According to El Hatow, since 1995, Egypt has only seen five CDMs, as opposed to China where dozens have been implemented, she said.
The problem with CDM is that industrialized countries may be doing their part on a global level by reducing carbon in the atmosphere but not on a country level, which sheds light on what El Hatow refers to as “loop holes that has plagued most climate change policies in the past.
Meanwhile, Emission Trading refers to the mechanism through which highly polluting nations buy ‘carbon credits’ from less polluting nations in the event that they exceed their limit of emissions, a process also referred to as “Cap and Trade.
Eyes on Egypt
Governmental policies aside, a closer look into Egyptian society shows minimal action towards the peril of climate change.
“It has to start from the private sector, said Hazem Saleh, IndyAct member and project manager at Wadi Environmental Science Center, citing limited government resources as the reason why such change could not come from the government alone.
“A political space needs to be made for the private sector, to be able to take the lead in the fight against climate change, El-Abd jumped in.
Efforts by non-governmental bodies are “like stars scattered on a dark map, she added, referring to the haphazard nature of green initiatives in Egypt.
The government needs to instill a sense of national pride that comes from one’s affiliation with the surrounding environment, continued El-Abd. “We need to build a connection between scientific reports and people’s basic livelihood.
Since school curricula’s do not tap into climate change and local media rarely discusses it, Egyptians are often left in the dark when it comes to how the problem will directly affect Egypt.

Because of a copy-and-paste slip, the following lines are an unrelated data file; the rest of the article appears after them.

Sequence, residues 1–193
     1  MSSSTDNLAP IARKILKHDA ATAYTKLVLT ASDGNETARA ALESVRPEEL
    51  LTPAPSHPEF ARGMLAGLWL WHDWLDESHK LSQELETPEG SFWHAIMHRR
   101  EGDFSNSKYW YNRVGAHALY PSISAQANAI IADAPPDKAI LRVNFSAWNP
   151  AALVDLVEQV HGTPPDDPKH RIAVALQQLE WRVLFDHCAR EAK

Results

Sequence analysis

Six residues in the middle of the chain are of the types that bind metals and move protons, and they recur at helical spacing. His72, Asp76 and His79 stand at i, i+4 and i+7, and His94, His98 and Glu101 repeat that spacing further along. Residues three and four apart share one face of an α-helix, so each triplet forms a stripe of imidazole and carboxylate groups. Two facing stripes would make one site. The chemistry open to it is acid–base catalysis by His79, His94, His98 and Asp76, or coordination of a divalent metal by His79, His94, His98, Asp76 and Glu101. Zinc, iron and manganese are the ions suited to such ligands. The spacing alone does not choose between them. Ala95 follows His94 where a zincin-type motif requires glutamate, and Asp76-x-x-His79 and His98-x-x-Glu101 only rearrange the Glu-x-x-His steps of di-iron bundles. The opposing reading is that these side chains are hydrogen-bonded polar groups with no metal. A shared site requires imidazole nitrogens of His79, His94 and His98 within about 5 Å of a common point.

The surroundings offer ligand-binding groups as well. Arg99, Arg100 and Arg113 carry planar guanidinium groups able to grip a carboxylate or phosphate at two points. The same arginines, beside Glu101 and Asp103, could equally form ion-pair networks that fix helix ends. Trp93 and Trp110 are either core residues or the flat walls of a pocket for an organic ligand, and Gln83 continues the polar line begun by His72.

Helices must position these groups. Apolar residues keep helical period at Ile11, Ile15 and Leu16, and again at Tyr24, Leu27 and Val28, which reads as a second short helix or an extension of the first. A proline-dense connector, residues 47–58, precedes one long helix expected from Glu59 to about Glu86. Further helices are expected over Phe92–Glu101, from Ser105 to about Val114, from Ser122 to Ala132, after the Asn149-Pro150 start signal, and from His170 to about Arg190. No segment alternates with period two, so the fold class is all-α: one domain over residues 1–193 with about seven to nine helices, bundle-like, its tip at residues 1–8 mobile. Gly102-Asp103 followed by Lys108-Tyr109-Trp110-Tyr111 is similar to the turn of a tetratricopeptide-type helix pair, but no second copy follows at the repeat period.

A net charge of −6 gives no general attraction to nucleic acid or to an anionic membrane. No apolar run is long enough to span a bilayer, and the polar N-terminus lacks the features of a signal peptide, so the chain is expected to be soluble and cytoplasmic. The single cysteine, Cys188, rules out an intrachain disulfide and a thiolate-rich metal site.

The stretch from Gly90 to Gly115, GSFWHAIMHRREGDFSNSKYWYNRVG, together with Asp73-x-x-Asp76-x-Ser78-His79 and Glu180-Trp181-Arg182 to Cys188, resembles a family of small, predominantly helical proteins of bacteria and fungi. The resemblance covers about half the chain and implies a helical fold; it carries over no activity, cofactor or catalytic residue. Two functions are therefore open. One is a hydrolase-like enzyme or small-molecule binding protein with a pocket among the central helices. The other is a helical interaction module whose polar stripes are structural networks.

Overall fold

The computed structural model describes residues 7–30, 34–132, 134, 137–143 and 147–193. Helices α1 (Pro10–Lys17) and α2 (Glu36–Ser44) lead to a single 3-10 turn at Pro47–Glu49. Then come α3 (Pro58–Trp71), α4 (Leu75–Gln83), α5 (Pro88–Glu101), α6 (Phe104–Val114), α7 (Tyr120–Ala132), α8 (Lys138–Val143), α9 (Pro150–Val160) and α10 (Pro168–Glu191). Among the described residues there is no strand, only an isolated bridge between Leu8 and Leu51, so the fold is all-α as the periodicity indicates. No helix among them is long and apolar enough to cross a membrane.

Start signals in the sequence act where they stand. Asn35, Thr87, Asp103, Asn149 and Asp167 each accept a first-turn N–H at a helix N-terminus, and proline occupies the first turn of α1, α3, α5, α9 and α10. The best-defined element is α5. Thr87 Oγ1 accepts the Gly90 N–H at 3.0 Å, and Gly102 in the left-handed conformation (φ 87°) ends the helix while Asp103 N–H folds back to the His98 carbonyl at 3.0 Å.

According to the IndyAct activists, we need to view the problem as a direct threat to our personal security in order to feel the urge to be a part of fighting it.
The delta, Egypt’s most fertile land and home to the majority of the Egyptian population, is currently under the threat of rising sea levels, with effects predicted to take place by 2020. Not only that, but according to an article published by the United Nations news agency, IRIN, last October, by 2017, Egypt will have surpassed its natural water resources.
On their trip to Copenhagen, the three activists seem optimistic, though.
“I think it is a great opportunity to see how the mechanisms function in the developed world, said Saleh, adding that the summit will help bridge the gap between developed and developing nations in so far as ways of tackling the climate issue.
“It’s an opportunity and a challenge… I can read about climate change; I can even take a course, but being in the heart of COP15 is the prime inspiration, said El-Abd.
COP15 have garnered unexampled attention from the media, reaching people from around the world, and Egypt was no exception. News agencies have even dedicated a joint online forum to engage readers throughout the duration of summit.
To environmental activists in Egypt this was a much-needed call. “Now people will actually begin to listen, said El Hatow.
When the three of them come back from Copenhagen, their efforts to raise awareness and engage the public may not drastically change, but for a change, they won’t fall on deaf ears.